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Te Whakataa a Te Winika

20 July 2024

11am to 12pm

Free

Join us to acknowledge Te Winika with song and karakia before Waikato Museum's temporary closure. Due to much-needed renovation work on our building, the majestic waka taua Te Winika will be at rest (whakataa) from public view. This event will include singing the traditional waiata, Te Winika.

We will celebrate again in December when she will be reawoken (whakaohooho) for the public once again.

 

More about the upcoming closure

Waikato Museum will be closed from 22 July to early December 2024 for significant work to fix existing issues and prevent future problems. Read more here.

 

The history of Te Winika

The majestic Te Winika is a carved waka taua (Maaori war canoe) was collectively built by Ngaati Tipa of Tuakau, Ngaati Maru of Hauraki and Ngaati Mahanga of the western coastline of the Waikato.

Te Winika's history is a story of Tainui and the King movement. During the tumultuous era of the New Zealand Land Wars, Te Winika experienced the subjugation of the Waikato tribes, and this once proud flagship of royalty was dismantled, partially concealed and left to deteriorate in the mud at Port Waikato.

In the 1930s, Te Winika became a symbol of the Kiingitanga and the waka renaissance led by the Kaahui Ariki (Royal Sovereign) and, in particular Te Puea Herangi who steered the restoration of Te Winika. Te Winika again faithfully served Maaori royalty until she was gifted to Hamilton city in 1973 by the Maaori Queen, Dame Te Atairangikaahu, as a gesture of harmony and goodwill. On 8 July 1973 Te Winika embarked on her final voyage on Waikato River, journeying to Waikato Museum Te Whare Taonga o Waikato and in 1987 Te Winika moved from the former museum site on London Street to the current Waikato Museum on Grantham Street.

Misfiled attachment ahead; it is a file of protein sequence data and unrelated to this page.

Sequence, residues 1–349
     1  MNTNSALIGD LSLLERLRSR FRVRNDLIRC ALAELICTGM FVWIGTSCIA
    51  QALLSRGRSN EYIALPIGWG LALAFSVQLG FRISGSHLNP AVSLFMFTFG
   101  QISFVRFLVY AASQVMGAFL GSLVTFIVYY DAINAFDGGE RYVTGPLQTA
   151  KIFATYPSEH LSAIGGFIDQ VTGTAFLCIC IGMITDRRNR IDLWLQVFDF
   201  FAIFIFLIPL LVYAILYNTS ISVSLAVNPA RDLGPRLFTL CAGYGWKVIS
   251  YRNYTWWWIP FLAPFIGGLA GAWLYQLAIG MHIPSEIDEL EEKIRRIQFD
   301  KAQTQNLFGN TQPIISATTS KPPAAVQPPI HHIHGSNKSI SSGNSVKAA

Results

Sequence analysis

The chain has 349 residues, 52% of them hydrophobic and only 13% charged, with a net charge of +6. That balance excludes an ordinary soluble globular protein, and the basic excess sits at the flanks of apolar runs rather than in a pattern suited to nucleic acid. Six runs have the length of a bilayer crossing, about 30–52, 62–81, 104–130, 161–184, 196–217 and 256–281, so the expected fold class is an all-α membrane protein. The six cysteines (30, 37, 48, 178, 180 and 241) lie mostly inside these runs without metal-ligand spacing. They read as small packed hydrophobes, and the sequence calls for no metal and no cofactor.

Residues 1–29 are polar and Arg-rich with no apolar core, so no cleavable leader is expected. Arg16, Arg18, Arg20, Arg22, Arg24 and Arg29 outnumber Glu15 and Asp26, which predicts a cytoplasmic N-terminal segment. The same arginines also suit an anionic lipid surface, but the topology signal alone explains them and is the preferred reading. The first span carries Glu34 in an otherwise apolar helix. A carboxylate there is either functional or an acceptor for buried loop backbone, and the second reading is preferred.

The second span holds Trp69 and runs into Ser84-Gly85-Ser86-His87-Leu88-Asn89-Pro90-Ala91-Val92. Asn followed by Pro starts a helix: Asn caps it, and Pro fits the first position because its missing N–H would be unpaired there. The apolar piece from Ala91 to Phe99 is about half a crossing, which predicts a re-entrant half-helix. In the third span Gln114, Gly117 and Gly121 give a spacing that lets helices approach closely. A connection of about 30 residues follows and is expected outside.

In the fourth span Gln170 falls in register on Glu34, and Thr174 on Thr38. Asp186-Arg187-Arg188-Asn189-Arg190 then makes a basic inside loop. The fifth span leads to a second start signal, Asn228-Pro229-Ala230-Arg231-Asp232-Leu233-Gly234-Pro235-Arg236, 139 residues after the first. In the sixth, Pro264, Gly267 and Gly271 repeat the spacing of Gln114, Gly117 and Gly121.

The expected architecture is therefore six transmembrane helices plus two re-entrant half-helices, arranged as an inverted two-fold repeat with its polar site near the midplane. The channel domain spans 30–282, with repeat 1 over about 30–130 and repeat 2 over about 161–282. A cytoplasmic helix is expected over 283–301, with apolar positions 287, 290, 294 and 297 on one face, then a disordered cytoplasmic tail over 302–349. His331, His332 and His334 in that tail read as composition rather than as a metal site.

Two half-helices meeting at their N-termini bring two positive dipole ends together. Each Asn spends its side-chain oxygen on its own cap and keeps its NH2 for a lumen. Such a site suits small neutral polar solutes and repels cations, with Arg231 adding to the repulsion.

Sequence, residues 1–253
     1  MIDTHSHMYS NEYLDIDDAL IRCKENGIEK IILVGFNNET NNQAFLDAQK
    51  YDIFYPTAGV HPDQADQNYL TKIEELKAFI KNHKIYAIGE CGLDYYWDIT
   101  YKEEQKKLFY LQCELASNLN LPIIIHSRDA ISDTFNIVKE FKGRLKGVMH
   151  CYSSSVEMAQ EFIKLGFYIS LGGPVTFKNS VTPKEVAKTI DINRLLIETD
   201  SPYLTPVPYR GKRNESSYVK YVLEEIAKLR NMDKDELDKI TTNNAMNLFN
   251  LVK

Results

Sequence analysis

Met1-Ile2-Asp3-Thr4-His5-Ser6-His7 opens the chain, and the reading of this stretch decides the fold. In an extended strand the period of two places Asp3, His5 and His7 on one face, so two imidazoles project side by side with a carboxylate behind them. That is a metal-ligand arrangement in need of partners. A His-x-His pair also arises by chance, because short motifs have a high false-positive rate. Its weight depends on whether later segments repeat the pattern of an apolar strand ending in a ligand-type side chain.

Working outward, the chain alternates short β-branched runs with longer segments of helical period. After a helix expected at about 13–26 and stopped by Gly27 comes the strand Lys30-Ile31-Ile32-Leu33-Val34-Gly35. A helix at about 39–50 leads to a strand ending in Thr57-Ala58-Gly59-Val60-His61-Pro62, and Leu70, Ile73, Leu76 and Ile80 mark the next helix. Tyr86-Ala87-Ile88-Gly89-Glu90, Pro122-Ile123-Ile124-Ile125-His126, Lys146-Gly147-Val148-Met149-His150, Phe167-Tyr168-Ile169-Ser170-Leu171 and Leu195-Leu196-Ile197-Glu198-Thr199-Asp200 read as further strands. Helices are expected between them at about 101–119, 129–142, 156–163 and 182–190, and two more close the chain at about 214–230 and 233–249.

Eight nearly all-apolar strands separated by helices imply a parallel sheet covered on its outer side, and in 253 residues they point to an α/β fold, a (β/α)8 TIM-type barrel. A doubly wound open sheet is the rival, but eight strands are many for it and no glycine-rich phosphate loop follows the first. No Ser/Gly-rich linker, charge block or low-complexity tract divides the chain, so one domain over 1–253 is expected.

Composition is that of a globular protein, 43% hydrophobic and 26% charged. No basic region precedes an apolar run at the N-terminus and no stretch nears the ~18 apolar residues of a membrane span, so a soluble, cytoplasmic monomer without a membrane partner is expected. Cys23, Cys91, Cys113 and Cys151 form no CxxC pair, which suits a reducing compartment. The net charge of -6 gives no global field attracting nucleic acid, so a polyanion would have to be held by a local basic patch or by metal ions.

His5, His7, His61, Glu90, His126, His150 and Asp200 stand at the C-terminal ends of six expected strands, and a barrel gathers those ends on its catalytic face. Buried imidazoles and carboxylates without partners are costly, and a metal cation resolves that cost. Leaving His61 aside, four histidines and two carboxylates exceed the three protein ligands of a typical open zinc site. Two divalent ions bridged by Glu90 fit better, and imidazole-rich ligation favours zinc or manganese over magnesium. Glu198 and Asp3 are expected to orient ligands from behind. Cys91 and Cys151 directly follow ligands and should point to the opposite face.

Discover the story of Te Winika and view the many beautiful traditional carvings in Te Whare Waka o Te Winika - Te Winika Gallery which overlooks the mighty Waikato River. 

 

Te Winika Memories video

 

Please note 

For te reo Maaori, Waikato Museum uses double vowels (uu) in place of vowels with a macron (ū) to represent a long vowel sound. This spelling approach is the preference of tangata whenua in Hamilton Kirikiriroa and Waikato iwi for te reo Maaori words.